Aboriginal approach to mental health in times of drought

In Australia, psychological tools developed with Aboriginal people can also support farmers whose land is suffering the effects of climate change.

‘If the land is sick, you are sick’

A coal truck roars past, stirring up red dust that blows over the famished cattle and sheep lying in grassless paddocks. The carcasses of dead kangaroos lie next to empty water troughs. There is no birdsong.

Some say it has been the worst drought in a century here across the central and eastern part of Australia. As in other parts of the world, climate change and land clearing are driving soaring temperatures and extreme weather events, including heatwaves and droughts. Australia already sees several weeks each year when temperatures climb above 45ºC, but few people were prepared for the drying-up of dams and waterways.

Food insecurity is now a real threat in parts of the country as livestock and wildlife are dying in inner New South Wales. Farmers are struggling; rates of depression and anxiety are increasing among those who stay.

“I was sleeping for 15 hours a day,” says Richard, a cattle farmer living near White Cliffs in western NSW. “I felt so sick and tired I thought I had cancer. But it was depression.”

His depression hit just before this drought, and was brought on, he thinks, by extreme stress and family issues. But drought only adds to farmers’ stress: it degrades the land, which makes it harder to earn a living.

In 2018, a study from the University of Newcastle in NSW found that farmers in rural parts of the state experienced “significant stress about the effects of drought on themselves, their families and their communities”. Other research suggests that income insecurity related to drought increases the risk of suicide among farmers.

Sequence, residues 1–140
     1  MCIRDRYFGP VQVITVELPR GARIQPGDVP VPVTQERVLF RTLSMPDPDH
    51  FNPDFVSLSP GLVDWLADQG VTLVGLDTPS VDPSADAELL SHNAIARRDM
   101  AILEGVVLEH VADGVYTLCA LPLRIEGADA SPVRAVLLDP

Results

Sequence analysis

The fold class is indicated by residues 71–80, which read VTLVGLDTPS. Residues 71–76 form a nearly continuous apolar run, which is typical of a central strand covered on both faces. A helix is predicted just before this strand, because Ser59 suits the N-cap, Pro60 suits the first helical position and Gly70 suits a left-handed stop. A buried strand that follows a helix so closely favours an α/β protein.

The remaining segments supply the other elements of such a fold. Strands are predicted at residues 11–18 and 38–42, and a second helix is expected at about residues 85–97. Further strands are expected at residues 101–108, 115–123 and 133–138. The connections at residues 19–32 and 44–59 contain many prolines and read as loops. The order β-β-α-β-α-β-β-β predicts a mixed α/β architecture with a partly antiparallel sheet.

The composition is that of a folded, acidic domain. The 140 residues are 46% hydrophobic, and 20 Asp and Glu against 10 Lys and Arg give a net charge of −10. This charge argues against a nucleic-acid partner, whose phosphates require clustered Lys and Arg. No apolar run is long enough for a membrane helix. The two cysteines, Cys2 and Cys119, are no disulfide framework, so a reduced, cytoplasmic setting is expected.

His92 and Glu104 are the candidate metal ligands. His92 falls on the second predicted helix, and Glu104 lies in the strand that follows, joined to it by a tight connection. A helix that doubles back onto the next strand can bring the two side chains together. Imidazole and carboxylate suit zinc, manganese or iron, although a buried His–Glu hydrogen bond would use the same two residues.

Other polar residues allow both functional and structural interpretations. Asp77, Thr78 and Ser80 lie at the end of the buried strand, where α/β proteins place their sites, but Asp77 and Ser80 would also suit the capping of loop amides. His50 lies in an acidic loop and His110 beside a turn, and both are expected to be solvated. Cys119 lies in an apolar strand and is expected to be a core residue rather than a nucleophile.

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Psychologist Pat Dudgeon at the University of Western Australia is used to people suffering in response to extreme stress. She was Australia’s first Aboriginal psychologist, and specialised in suicide prevention because of the mental health issues in her community in the Kimberley, a region of north-west Australia.

Throughout Australia, rates of suicide have increased dramatically for Aboriginal and Torres Strait Islander people over the past 30 years. The rise is due to ongoing issues of racism, poverty and intergenerational pain, the legacy of centuries of colonisation and mistreatment by British and Australian governments. For instance, many Aboriginal people have had their land taken from them and been forcibly removed to live in missions or be fostered by non-Aboriginal people.

Dudgeon believes many lessons can be learned about grief and trauma from the loss of land and culture that Aboriginal people have experienced. She says psychology can move away from the Western tradition of expert and patient, towards a more narrative form based on Aboriginal traditions and reconnecting with the land. And as more psychologists begin to incorporate these Aboriginal concepts into their practice, such a combined approach might help farmers dealing with drought to reconnect with the land and improve their mental health, too.

“If the land is sick, you are sick,” says Fiona Livingstone, who manages a suicide prevention programme at the University of Newcastle’s Centre for Rural and Remote Mental Health.

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She explains that the traditional Aboriginal concept of health is much broader than that of conventional Western medicine. Aboriginal people, she says, are deeply connected to “country”, the place with which they have spiritual ties. The personal, social and ecological are closely interconnected: “health” is the state in which they are all in balance.

Prolonged drought affects Aboriginal communities in farming regions economically, because it leads to a lack of work. There’s also grief at the loss of nature from the deaths of wild animals and plants. These experiences of not being able to take care of the land during long periods of drought increase stress, leading to an increase in antisocial and risk-taking behaviour such as drug dependence and drinking. People begin to “mistrust each other, gossip maliciously and turn against each other,” say the authors of one report. Droughts can have the effect of “exacerbating underlying grief and trauma”.

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